The Latino Professionals Association
Presents Yo Soy
Rolling with the Punches
Amparo Moreno, who grew up
in South Texas and Mexico, is
the 5.09 HSED instructor and
high school completion lab
coordinator at Madison College’
s DTEC campus.
didn’t have any experience. But in order to get the experience, she needed the education. It was a Catch 22 situation.

“I was filled with self-doubt,” Moreno said. “To make a long story short, I started applying for jobs because I was told here at the university I had everything school
wise, but I didn’t have any experience. I had to get either volunteer hours or work in the field. I needed more experience in dietetics and nutrition. I became a
volunteer at UW Hospital in the nutrition department. And then I started working at a restaurant because that would count. And then while I was there, I realized, ‘This
is not what I want and envisioned.’ When I was younger, I always thought I wanted to be a clinical dietician. It wasn’t so.”

As Moreno tried to find work, she faced stiff competition in Madison’s highly skilled labor market.

“I would continuously apply for different jobs,” Moreno said. “And I would get turned down. I would call HR and tell them politely, ‘Can you tell me what I did wrong
so that I can improve? What can I do to improve my interviewing skills? Maybe I’m not presenting myself well.’ That was very frustrating because I would get into
the second and third rounds and get really, really excited. ‘Okay, I’m going to get my first professional job. I’m going to do it.’ And then all of a sudden, they are like,
‘Thank you very much, but no thanks.’ It was very heartbreaking. I was always told, ‘Unfortunately, there is another candidate who was more qualified than you. They
have a master’s. They have a Ph.D. They have the RD and you don’t. They have more experience.’”

Moreno decided to get some counseling and career guidance from UW-Madison. While sitting in the waiting room, Moreno noticed a cardboard display.

“There was a little, raggedy flyer that said, ‘Are you passionate about nutrition,’” Moreno said. “I was like, ‘Yes!’ “Are you passionate about education?’ ‘Maybe.’ Are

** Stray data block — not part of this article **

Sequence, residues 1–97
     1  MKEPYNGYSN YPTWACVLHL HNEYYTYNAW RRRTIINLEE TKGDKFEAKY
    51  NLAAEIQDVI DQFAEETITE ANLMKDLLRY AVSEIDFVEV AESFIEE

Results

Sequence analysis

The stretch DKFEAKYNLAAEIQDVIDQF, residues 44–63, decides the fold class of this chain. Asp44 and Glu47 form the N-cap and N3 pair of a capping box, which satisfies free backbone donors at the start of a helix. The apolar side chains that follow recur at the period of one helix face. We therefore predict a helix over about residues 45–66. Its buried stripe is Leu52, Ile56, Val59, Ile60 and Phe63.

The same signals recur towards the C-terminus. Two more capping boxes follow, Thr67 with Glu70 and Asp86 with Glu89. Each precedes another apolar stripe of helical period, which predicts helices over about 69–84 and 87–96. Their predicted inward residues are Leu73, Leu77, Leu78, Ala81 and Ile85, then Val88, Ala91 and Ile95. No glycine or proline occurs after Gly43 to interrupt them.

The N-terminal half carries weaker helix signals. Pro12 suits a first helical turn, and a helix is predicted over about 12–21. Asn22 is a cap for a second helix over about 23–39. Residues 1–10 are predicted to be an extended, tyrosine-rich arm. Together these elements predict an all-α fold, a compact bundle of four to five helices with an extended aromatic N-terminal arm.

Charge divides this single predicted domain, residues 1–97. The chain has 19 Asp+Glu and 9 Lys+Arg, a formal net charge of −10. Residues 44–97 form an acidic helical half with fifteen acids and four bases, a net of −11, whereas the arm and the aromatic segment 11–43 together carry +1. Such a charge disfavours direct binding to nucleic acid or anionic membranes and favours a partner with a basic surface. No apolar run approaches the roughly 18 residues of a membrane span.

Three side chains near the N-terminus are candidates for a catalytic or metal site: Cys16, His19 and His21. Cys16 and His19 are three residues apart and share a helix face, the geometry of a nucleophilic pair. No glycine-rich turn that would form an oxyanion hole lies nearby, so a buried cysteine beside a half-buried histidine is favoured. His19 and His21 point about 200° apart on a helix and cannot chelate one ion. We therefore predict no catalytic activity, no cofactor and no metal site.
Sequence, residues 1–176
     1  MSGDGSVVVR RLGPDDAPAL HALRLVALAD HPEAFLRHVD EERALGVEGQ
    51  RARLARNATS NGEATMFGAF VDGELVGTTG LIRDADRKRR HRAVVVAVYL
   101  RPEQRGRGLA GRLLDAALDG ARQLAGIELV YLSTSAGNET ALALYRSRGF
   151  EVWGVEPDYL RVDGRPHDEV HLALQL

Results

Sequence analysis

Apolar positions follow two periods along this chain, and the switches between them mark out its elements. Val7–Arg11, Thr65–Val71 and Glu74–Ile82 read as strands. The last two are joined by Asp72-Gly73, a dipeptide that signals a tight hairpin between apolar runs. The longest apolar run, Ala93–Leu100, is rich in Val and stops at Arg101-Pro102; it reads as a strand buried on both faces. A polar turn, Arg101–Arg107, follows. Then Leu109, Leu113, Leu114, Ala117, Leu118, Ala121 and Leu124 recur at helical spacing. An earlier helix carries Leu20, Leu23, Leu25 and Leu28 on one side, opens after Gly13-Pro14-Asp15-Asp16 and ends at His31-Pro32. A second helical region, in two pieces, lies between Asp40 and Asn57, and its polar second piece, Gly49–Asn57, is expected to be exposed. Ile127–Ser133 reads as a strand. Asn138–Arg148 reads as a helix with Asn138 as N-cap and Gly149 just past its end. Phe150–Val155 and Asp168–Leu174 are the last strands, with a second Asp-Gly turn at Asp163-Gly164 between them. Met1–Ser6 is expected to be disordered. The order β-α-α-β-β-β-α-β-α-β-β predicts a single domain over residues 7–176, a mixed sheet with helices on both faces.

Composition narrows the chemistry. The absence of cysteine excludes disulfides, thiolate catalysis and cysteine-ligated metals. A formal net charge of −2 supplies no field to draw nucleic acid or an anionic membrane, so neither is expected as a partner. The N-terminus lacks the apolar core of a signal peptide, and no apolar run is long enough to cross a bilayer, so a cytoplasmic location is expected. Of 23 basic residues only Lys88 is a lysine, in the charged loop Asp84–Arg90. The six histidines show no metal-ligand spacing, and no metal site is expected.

you interested in working with children?’ ‘Perhaps.’ It was like they were speaking to me and at the end, it was like, ‘Why don’t you become a nutrition educator in
the K-12 system?’ And I was like, ‘Yes’ because I fell out of love for nutrition because in the clinical setting where I was volunteering — I worked in the rehab unit —
all the patients are recuperating from severe amputations or heart failure or renal failure. It was a revolving door. I saw the same patients again even though I only
volunteered for a couple of months. Diabetes is such a beast of a disease. I thought, ‘I am not catching them at the right moment as a nutritionist. I’m not going to
have any impact on their lives. I’m not going to help them. And geriatric people can be very angry. They haven’t changed in 20-30 years and they aren’t going to
change. They are less likely to change if you are telling them, ‘You need to count your carbs.’ They aren’t going to do it. I thought, ‘Hey, if I teach kids the importance
of eating healthy and I make it fun, then maybe that is my calling.’ I went back to school to get a teaching certification to become a FACS (Family and Consumer
Science) teacher in a K-12 system.”

Moreno thought she would get her credentials and then move to Houston. But God intervened in her life once again.

“That was my plan, but then I ended up getting pregnant,” Moreno said. “I had my son. Again, it was like I started making plans and God was like, ‘No, hold on you
sweet child.’ I thought I was ready to go back into the workforce. I applied for a part-time position here at Madison College to be a receptionist. Initially, they had told
me I could start in September, but then HR called me and told me they made a mistake and I needed to start in July. And my son had been born with several health
issues. And so I thought if I waited until September, I would be good. But I told them thank you for the opportunity, but I had to decline the position because my son